Residential transitions from nursing homes for adults with cerebral palsy
Purpose: The impact of moving out of nursing homes into community-based settings for adults with cerebral palsy was assessed by comparing the health and community functioning of movers and non-movers at time 1 and 3 years later at time 2. Subjects: The sample included 83 non-movers and 28 movers age 30 years and older who initially were living in nursing homes. The majority of residents had severe to profound mental retardation. The movers transferred to 15 communitybased settings between 1 and 3 years (mean of 2 years) prior to the time 2 assessment. Assessments of residents at baseline and at follow-up included health measures (health status, health limits, mobility limits, days hospitalized and depression) and community functioning measures (adaptive functioning, maladaptive behaviour, community inclusion, day programme hours and monthly wages). Results: Findings indicated that movers showed benefits in terms of improved health and community functioning. For movers, health status, mobility limitations, and community inclusion improved, while there were no significant changes for non-movers. This research corroborates previous research on the effects of deinstitutionalization and expands its implications to a group with severe disabilities.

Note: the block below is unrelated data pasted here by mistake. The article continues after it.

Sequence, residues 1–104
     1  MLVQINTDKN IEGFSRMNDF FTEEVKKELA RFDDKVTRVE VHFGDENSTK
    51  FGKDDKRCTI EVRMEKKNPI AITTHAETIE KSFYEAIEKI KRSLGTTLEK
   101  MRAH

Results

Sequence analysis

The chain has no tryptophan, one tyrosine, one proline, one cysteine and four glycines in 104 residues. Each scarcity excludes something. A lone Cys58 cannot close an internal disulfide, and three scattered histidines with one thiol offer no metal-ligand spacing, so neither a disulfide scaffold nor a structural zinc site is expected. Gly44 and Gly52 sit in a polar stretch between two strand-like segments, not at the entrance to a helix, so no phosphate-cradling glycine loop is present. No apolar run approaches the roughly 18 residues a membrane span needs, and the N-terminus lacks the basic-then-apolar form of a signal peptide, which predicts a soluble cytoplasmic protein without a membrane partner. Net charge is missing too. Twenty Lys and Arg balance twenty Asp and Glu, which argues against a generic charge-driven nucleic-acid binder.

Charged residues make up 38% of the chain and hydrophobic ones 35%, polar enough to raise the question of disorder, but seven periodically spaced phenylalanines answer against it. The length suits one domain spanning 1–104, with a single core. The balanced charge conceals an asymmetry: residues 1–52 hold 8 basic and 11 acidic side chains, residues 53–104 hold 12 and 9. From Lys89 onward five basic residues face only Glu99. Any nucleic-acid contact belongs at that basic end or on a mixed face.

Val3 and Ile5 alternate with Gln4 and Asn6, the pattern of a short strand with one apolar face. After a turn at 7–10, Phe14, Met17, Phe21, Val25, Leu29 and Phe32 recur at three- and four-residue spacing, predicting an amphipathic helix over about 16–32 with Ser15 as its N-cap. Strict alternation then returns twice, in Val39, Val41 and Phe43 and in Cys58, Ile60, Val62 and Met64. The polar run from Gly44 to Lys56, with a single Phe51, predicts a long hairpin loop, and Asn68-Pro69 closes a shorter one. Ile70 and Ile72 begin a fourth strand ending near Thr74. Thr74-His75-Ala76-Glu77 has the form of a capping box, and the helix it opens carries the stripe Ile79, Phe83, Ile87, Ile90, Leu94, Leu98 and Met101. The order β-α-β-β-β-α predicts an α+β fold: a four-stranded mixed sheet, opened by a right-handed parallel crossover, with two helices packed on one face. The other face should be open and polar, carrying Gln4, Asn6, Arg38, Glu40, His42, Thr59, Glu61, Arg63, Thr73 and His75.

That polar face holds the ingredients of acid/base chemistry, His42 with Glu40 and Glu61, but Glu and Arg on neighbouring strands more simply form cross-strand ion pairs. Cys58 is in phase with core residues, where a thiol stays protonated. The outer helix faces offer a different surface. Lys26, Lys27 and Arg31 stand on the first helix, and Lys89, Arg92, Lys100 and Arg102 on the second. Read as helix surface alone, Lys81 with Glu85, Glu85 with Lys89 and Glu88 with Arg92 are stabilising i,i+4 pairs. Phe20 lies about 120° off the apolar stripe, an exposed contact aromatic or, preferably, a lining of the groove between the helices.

Disability and Rehabilitation
Heller, T., Factor, A. R., Hahn, J. E. (1999). Residential transitions from nursing homes for adults with cerebral palsy. Disability and Rehabilitation, 21(5-6), 277-83.
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